A martial artist would likely have to train for many years to be capable of maintained mushin. This allows time for combinations of movements and exchanges of techniques to be practised repetitively many thousands of times, until they can be performed spontaneously, without conscious thought, thus changing your natural reactions to be more effective in combat or whatever else you may be doing. If he is capable of truly listening to his teacher, however, he could attain this level in only a few years.

Some masters believe that mushin is the state where a person finally understands the uselessness of techniques and becomes truly free to move. In fact, that person will no longer even consider themselves as "fighters" but merely living beings moving through space.

The legendary Zen master Takuan Sōhō said:[2]

The mind must always be in the state of 'flowing,' for when it stops anywhere that means the flow is interrupted and it is this interruption that is injurious to the well-being of the mind. In the case of the swordsman, it means death. When the swordsman stands against his opponent, he is not to think of the opponent, nor of himself, nor of his enemy's sword movements. He just stands there with his sword which, forgetful of all technique, is ready only to follow the dictates of the subconscious. The man has effaced himself as the wielder of the sword. When he strikes, it is not the man but the sword in the hand of the man's subconscious that strikes.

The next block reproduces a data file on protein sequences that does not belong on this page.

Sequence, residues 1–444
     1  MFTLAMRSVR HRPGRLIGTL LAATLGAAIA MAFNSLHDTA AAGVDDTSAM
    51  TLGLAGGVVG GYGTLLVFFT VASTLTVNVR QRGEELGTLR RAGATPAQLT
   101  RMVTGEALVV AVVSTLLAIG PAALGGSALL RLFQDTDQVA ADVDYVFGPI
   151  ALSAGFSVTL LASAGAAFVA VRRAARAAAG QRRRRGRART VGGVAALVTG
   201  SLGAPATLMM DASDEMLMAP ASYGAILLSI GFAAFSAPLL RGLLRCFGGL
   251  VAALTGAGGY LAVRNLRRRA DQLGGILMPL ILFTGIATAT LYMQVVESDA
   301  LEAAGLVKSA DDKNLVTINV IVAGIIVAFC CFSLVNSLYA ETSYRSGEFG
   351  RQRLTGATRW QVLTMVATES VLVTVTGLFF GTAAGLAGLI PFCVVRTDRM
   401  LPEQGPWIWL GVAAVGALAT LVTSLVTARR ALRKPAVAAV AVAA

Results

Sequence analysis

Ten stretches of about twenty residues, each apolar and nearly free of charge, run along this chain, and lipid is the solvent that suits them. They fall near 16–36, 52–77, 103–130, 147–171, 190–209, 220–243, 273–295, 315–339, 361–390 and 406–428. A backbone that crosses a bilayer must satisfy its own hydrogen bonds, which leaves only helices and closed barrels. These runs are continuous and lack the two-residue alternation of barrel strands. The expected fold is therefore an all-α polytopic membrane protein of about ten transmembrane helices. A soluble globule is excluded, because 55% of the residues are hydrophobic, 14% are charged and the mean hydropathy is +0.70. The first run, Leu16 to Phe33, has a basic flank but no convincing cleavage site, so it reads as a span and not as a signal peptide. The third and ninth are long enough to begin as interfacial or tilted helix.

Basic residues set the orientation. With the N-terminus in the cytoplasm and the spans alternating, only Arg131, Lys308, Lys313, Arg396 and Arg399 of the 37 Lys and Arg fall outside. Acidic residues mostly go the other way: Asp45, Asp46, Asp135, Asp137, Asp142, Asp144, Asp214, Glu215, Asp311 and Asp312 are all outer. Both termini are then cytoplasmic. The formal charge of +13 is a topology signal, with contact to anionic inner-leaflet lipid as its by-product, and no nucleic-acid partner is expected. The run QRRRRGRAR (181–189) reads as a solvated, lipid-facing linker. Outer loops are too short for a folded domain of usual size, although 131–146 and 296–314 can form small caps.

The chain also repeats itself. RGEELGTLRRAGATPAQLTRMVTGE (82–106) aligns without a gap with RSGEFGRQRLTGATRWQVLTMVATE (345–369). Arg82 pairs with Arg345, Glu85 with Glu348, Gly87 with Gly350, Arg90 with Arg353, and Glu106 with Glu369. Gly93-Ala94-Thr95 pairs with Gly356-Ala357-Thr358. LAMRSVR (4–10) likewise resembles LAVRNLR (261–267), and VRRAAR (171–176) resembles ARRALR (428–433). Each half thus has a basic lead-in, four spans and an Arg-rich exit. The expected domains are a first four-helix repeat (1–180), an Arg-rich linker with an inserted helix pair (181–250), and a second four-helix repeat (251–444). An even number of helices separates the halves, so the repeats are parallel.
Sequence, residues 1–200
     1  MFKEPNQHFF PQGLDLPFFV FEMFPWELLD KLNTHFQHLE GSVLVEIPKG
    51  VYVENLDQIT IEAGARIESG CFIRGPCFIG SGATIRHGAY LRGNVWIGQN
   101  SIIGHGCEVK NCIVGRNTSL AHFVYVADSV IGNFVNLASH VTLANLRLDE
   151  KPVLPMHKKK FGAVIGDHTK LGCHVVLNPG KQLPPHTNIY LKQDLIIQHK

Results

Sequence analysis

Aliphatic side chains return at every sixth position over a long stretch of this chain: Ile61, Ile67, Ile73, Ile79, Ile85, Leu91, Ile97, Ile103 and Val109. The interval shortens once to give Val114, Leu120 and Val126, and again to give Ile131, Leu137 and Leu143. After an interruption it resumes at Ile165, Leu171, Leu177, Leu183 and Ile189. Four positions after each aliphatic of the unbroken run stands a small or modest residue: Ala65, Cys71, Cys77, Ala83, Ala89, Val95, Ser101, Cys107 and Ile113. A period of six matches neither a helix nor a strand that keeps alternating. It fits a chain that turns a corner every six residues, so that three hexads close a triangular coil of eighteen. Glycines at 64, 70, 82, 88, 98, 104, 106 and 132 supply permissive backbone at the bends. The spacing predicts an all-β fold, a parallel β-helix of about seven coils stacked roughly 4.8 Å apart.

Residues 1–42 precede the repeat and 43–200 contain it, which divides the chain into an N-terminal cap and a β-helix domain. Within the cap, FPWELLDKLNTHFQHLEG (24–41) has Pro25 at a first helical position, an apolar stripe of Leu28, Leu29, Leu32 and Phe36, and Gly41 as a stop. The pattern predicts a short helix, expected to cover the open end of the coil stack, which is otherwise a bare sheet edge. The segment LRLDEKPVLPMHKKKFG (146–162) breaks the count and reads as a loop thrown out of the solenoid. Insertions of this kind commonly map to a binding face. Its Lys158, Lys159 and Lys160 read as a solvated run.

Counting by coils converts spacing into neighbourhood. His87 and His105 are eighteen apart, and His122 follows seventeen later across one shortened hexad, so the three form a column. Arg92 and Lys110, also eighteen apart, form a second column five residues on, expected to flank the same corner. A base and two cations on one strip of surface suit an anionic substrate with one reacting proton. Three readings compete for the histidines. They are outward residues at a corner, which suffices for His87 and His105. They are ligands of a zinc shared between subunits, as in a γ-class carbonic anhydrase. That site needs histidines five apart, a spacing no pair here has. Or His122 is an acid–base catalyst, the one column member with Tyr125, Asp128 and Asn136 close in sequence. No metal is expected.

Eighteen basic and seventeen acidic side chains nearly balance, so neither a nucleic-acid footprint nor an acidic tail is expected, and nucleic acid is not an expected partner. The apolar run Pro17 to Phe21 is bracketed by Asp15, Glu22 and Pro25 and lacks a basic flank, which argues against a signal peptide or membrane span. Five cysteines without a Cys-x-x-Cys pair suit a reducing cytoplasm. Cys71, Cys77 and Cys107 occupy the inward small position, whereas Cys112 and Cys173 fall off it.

However, mushin is not just a state of mind that can be achieved during combat. Many martial artists, particularly those practising Japanese martial arts such as karate or iaijutsu, train to achieve this state of mind during kata so that a flawless execution of moves is accomplished ? that they may be achieved during combat or at any other time. Once mushin is attained through the practicing or studying of martial arts (although it can be accomplished through other arts or practices that refine the mind and body), the objective is to then attain this same level of complete awareness in other aspects of the practitioner's life.